# reduction of $6xy + 8 y^2 -12x-26y + 11 = 0$ to canonical one of a second-order curve

I have this polynomial

$$6xy + 8 y^2 -12x-26y + 11 = 0$$

and I need to reduce it to a canonical equation of a second-order curve. The correct answer from the textbook is that it is a hyperbola

$$\frac{X^2}{1} - \frac{Y^2}{9} = 1$$

and the coordinate system must be rotated to an angle equal to

$$\arctan{3}$$

and the origin of the new coordinate system must be moved to the point $O'(-1,2)$. I checked this in Mathematica® program, so I think it is safe to assume that there are no errors in the textbook.

And now about the problem itself. I calculated the angle of rotation according to the formula in my textbook. It is (the expression above is the example of a polynom to explain indexes like $a,b,c$ etc.)

$$ax^2 + 2bxy + cy^2 + 2dx + 2ey +g = 0 \\ \cot{2\alpha} = \frac{a-c}{2b}$$

I solved this equation and got the correct answer: $\alpha = \arctan{3}$

Then I substituted $x$ and $y$ variables with their values according to the formulae:

$$x = \cos{\alpha}x' - \sin{\alpha}y'\\ y = \sin{\alpha}x' + \cos{\alpha}y'$$

Let me show this incrementally for convenience

$$6xy + 8 y^2 =\\ 6(\cos{\alpha}x' - \sin{\alpha}y')(\sin{\alpha}x' + \cos{\alpha}y') + 8(\sin{\alpha}x' + \cos{\alpha}y')^2 =\\ 6(\sin{\alpha}\cos{\alpha} * x'^2 +\cos^2{\alpha} * x'y' -\sin^2{\alpha} * x'y' - \sin{\alpha}\cos{\alpha} * y'^2) + 8(\sin^2{\alpha} * x'^2 + 2\sin{\alpha}\cos{\alpha} * x'y' + \cos^2{\alpha} * y'^2) =\\ 6\sin{\alpha}\cos{\alpha} * x'^2 + 8\sin^2{\alpha} * x'^2 - 6\sin{\alpha}\cos{\alpha} * y'^2 + 8\cos{\alpha}^2 * y'^2 + 6\cos{\alpha}^2 * x'y' -6\sin^2{\alpha} * x'y' + 16\sin{\alpha}\cos{\alpha} * x'y' = \\ (6\sin{\alpha}\cos{\alpha} + 8\sin^2{\alpha})x'^2 + (- 6\sin{\alpha}\cos{\alpha} + 8\cos^2{\alpha})y'^2 + (6\cos{\alpha}^2 -6\sin^2{\alpha} + 16\sin{\alpha}\cos{\alpha})x'y'$$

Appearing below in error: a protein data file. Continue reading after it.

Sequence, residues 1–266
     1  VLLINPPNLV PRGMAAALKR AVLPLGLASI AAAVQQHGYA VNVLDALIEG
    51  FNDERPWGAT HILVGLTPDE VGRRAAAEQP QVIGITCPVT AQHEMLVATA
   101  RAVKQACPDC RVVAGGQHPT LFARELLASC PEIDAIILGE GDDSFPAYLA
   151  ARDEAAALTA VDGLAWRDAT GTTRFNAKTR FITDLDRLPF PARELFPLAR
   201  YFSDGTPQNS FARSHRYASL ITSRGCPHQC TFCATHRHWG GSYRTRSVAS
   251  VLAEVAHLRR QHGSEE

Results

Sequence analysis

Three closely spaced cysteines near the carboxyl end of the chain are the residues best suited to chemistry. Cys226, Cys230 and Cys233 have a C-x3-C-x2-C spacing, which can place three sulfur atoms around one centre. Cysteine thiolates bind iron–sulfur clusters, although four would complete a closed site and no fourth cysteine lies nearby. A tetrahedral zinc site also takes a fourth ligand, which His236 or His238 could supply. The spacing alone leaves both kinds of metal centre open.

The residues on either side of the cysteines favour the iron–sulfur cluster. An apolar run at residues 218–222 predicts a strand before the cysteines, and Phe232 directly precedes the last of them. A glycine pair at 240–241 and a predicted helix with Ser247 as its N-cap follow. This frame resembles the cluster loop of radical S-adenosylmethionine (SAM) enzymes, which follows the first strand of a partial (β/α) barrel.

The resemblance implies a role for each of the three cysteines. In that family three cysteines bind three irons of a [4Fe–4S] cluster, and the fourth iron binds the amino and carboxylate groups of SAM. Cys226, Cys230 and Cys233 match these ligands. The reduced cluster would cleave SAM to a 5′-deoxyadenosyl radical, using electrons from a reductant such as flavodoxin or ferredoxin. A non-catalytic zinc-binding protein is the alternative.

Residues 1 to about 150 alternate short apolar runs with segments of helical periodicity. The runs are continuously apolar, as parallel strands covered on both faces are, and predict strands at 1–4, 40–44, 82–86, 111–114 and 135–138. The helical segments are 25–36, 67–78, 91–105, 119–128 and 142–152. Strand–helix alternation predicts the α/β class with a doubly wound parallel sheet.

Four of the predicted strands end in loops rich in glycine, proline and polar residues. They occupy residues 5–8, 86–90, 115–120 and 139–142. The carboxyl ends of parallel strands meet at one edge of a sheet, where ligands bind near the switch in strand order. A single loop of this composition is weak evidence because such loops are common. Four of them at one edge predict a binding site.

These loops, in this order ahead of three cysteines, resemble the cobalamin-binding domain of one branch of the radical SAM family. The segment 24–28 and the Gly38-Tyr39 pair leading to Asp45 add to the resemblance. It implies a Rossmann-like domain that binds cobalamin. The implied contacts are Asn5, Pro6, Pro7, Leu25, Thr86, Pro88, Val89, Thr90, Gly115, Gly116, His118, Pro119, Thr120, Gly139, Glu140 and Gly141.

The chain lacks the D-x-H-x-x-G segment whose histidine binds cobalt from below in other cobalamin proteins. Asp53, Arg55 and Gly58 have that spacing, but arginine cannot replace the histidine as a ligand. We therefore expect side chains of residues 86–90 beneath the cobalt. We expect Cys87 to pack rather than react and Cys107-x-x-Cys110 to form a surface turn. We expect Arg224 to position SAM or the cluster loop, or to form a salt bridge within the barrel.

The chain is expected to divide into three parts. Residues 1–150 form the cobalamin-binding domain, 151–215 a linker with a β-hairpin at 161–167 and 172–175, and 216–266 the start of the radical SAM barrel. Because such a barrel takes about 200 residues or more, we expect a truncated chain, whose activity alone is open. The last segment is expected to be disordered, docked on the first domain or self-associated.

the factor at $x'y'$ evaluates to 0 given $\alpha = \arctan{3}$, I checked this in Mathematica, so from the part above only this remains:

$$(6\sin{\alpha}\cos{\alpha} + 8\sin^2{\alpha})x'^2 + (- 6\sin{\alpha}\cos{\alpha} + 8\cos^2{\alpha})y'^2$$

And the remaining part is:

$$-12x-26y + 11 = \\ -12(\cos{\alpha}*x' - \sin{\alpha}*y') - 26(\sin{\alpha}*x' + \cos{\alpha}*y') + 11 = \\ -12\cos{\alpha}*x' + 12\sin{\alpha}*y' -26\sin{\alpha}*x' - 26\cos{\alpha}*y' + 11 = \\ (-12\cos{\alpha} - 26\sin{\alpha})*x' + (12\sin{\alpha} - 26\cos{\alpha})*y' + 11 = \\ 2((-6\cos{\alpha} - 13\sin{\alpha}))*x' + 2(6\sin{\alpha} - 13\cos{\alpha})*y' + 11$$

So now this curve has the next equation in the rotated coordinate system (let me use $x$ and $y$ instead of $x'$ and $y'$):

$$\alpha = \arctan{3}\\ a = 6\sin{\alpha}\cos{\alpha} + 8\sin^2{\alpha} \\ c = - 6\sin{\alpha}\cos{\alpha} + 8\cos^2{\alpha} \\ d = -6\cos{\alpha} - 13\sin{\alpha} \\ e = 6\sin{\alpha} - 13\cos{\alpha}\\ g = 11\\ ax^2 + cy^2 + 2dx + 2ey + g = 0$$

Then it is stated in my textbook that one can further reduce this equation by moving the origin of a coordinate system to the point $O(-\frac{d}{a}, -\frac{e}{c})$

And this is the place where I can't get the correct answer (which is $O(-1,2)$), cause this $-\frac{d}{a}$ gives me 1.58114 instead of -1 and this $-\frac{e}{c}$ gives 1.58114 instead of 2.

I've checked this in Mathematica.

Could anyone explain me what where I'm wrong, please?

Thank you in advance.